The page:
Back to numbers on the launch of MekaVerse
MekaVerse is a Profile Picture (Pfp) collection of 8888 Mekas influenced by Japanese anime/manga masterpieces such as Gundam, Evangelion and even Code Geass.
There was a lot of excitement before the launch of the project. With over 200,000 followers on Twitter and they hit the 250k limit on Discord (without “additional authorizations” from the Discord team). By Thursday, October 7, 172,876 wallets had been used to enter the raffle. Of those 172,876 wallets, 56,945 had chosen one Meka and 115,931 had chosen two Mekas. The MekaVerse team revealed some statistics about this extraordinary drop:
We had 4,635,249 views and 661,737 unique users on our website. In addition, we had 130,000 visits within minutes of launch.
In the end, 8,593 Mekas were sold at launch at a price of 0.2 Ether (ETH) each, earning the team more than 1,718 ETH, or nearly $6.3 million.
The sales were followed by a 5-day period where holders had to wait to see what their Mekas would look like. During this period, the price floor had its ATH with a value of about 8 ETH. The reveal took place on Tuesday 12 October after being postponed for 24 hours due to some technical problems with the size of the 3D images.
Since the drop, MekaVerse has generated in 10 days about 39,000 Ether (ETH) on the secondary market. Interestingly that the record sale is held by the Meka #8597 acquired for 125 ETH or about $476 600 US dollars.
Back to the controversies
From a numerical point of view, the drop was colossal even taking into account the presence of bots. The hype around the project attracted a lot of people and even the slightest mistake from the team was scrutinized and analyzed.
A number of allegations have appeared on Twitter, including suggestions that one of the developers, Wyb0 of Miinded Studio (MekaVerse’s technical provider) managed to purchase one of the rarest NFTs (#6764) through early access to metadata.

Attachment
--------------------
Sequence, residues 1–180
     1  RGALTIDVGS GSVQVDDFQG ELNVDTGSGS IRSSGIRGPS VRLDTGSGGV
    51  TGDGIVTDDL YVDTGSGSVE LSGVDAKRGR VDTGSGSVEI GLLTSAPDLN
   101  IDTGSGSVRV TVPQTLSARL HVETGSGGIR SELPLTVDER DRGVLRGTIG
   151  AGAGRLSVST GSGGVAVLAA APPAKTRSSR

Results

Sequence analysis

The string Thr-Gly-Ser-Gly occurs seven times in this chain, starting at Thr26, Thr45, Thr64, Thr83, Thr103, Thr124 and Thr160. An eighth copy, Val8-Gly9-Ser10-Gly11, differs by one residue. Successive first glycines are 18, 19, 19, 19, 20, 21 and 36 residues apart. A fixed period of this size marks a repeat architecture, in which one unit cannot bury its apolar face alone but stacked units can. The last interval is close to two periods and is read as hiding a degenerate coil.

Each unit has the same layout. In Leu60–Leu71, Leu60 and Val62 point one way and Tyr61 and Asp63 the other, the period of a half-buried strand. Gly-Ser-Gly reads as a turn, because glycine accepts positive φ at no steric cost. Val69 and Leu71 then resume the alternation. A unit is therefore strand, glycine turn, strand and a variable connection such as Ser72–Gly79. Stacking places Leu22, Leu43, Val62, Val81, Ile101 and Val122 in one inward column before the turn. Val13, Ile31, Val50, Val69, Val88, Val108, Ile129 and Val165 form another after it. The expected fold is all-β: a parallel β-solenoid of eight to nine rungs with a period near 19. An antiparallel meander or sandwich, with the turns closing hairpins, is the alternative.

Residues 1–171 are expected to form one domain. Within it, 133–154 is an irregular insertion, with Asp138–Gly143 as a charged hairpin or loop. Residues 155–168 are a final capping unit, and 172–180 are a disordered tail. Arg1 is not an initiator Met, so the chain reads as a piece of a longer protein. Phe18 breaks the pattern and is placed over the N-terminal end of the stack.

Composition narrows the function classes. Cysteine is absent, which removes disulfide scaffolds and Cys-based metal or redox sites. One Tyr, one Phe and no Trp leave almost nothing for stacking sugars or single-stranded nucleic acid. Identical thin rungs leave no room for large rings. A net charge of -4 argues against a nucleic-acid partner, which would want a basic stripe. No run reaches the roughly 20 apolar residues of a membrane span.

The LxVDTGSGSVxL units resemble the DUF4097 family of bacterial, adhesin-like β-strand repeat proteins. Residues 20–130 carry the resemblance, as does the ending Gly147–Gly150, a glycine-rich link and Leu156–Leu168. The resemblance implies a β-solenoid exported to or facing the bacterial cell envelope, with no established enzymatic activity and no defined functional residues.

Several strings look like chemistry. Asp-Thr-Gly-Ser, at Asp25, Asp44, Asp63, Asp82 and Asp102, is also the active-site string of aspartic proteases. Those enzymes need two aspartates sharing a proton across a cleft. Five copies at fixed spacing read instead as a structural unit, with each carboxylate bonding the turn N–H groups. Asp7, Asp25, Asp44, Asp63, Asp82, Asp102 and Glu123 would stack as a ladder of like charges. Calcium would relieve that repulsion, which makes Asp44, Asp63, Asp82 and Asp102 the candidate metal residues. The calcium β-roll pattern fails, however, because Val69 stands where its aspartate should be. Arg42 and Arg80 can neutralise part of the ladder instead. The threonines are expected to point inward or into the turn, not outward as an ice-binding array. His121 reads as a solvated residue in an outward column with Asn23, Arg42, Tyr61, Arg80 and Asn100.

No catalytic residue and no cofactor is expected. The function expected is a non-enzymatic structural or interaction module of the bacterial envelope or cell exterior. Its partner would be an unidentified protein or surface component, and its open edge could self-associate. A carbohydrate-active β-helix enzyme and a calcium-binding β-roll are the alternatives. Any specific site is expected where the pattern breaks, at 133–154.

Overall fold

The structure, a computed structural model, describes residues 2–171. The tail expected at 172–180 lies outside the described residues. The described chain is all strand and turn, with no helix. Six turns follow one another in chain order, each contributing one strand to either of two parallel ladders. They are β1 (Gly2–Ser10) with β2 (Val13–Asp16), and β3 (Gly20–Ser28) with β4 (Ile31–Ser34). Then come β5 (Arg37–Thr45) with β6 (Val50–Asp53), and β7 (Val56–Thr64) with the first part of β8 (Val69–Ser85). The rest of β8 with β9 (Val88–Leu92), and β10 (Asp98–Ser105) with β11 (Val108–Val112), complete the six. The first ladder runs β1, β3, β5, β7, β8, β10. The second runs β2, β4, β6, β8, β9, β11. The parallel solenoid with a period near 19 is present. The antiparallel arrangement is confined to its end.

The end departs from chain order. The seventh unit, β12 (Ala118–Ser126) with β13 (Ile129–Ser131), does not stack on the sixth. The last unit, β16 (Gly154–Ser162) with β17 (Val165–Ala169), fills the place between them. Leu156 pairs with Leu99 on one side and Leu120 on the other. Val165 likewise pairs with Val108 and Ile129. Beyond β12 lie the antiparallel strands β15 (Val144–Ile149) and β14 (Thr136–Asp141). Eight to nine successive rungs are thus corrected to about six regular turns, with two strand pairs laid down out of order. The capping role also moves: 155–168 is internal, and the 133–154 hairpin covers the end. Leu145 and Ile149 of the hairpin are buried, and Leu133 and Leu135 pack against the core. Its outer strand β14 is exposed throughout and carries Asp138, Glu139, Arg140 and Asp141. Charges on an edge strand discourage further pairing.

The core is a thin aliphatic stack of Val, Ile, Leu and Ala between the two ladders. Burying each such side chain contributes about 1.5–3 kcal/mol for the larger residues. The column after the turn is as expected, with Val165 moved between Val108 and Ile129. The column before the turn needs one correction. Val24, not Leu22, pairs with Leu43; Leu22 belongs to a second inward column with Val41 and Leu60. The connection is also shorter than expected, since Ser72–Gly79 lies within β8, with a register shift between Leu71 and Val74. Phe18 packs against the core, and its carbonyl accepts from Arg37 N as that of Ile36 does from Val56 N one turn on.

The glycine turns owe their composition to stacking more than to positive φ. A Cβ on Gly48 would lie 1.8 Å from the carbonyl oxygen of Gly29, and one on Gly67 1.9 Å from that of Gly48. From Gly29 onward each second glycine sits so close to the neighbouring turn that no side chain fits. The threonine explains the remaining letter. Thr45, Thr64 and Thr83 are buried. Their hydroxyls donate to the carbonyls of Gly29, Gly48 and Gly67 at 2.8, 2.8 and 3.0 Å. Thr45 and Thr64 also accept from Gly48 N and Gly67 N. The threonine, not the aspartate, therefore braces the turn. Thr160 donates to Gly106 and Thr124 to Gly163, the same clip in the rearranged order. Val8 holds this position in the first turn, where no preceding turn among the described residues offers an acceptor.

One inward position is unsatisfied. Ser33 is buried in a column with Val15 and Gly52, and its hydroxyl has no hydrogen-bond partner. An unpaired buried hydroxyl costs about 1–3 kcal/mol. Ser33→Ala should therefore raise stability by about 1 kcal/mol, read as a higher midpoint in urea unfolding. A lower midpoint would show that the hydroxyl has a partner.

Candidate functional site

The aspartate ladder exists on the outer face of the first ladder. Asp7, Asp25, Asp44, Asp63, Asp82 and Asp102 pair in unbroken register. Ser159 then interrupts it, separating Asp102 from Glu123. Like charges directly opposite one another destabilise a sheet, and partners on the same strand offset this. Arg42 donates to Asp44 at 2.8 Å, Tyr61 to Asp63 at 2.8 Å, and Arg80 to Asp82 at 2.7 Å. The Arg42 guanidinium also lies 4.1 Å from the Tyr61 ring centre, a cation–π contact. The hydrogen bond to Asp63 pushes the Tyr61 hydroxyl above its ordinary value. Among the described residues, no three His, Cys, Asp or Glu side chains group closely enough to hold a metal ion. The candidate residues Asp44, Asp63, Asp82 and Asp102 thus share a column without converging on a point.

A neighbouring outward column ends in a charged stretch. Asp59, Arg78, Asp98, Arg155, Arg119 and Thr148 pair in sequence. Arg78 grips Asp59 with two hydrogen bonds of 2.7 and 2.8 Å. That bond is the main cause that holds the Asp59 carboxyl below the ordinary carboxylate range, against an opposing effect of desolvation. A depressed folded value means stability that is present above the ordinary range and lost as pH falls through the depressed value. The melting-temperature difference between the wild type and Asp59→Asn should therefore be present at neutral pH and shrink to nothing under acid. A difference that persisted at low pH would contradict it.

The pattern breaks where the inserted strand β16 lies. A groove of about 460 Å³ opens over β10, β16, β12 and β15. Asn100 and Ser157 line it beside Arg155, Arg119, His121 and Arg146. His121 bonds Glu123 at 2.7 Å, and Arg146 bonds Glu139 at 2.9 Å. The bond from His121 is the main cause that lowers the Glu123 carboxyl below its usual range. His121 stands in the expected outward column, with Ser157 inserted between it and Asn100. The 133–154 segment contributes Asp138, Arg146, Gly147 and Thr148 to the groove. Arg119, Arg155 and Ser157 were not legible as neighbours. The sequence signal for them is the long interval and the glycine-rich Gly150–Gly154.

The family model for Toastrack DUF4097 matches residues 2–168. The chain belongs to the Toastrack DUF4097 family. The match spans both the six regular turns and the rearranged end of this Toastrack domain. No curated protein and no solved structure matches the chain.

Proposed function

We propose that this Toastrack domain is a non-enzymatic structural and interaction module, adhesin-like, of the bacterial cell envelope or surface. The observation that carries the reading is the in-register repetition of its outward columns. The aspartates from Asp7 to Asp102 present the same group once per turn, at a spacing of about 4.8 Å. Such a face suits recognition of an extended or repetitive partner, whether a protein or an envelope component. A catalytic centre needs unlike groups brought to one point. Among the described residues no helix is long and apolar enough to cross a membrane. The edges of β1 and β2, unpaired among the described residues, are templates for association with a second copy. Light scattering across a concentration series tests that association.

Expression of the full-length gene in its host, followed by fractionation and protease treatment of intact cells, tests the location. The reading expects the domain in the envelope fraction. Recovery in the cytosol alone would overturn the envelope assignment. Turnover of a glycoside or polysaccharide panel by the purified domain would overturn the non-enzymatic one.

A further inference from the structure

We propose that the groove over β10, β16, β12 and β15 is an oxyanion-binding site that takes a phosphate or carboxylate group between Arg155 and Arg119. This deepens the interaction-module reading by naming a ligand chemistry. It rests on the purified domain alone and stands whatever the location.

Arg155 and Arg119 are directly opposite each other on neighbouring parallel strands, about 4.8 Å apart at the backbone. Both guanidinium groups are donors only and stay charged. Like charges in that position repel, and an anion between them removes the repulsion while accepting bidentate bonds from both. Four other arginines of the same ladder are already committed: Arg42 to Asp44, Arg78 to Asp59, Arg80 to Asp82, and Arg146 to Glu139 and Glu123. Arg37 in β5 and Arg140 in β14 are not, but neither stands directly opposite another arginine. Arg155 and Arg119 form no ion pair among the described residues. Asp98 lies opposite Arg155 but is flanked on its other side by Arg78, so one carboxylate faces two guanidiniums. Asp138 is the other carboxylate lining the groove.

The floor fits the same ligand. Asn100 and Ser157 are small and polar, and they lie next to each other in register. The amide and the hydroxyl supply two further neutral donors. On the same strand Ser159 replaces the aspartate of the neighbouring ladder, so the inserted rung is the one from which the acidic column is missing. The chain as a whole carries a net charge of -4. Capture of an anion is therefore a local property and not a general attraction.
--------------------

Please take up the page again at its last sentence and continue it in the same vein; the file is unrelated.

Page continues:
The person concerned responded to the accusations via a thread. It is difficult to unravel the truth, however, would Wyb0 have been naive enough to use his public address to commit the crime? You can find all his explanations here. Moreover, the Meka in question isn’t as rare as has been speculated. Indeed, Meka #6764 is ranked 1395, not 16.
In any case, due to this controversy, the profits from the NFT in question will be donated to charity.
Other influencers such as Beanie seemed to have a negative prejudice towards the project. Accusations that sometimes seem unfair when you compare the launch of MekaVerse to other NFT projects and the technical difficulties of launching with so much interest. Ecko, full-stack developer at Miinded, said:
‘We worked really hard on this project because we only had three weeks to complete everything, and you can’t imagine the strain of having 230,000 people (at the absolute least) watching and evaluating you. We are and will always be humans, with all our qualities and faults. We made a few minor errors, but nothing major‘
Unfortunately, the vast majority of projects have difficulty curbing opportunism and bot involvement at launch. Currently, how many projects can claim a 100% smooth drop, without gas war and without bots?
The launch of MekaVerse was not perfect, but it is worth mentioning good initiatives during the registration for the raffle: Google ReCaptcha V3, Wallet funds verification, Discord or Twitter authentication, EIP 712 V3 signature. You can find details of the drop from the point of view of Miinded here.
No matter what we think of the project, MekaVerse was one of the biggest launches in the history of NFTs in terms of hype and volume.
A success that was both a blessing and a curse for the creators who found themselves under both praise and criticism..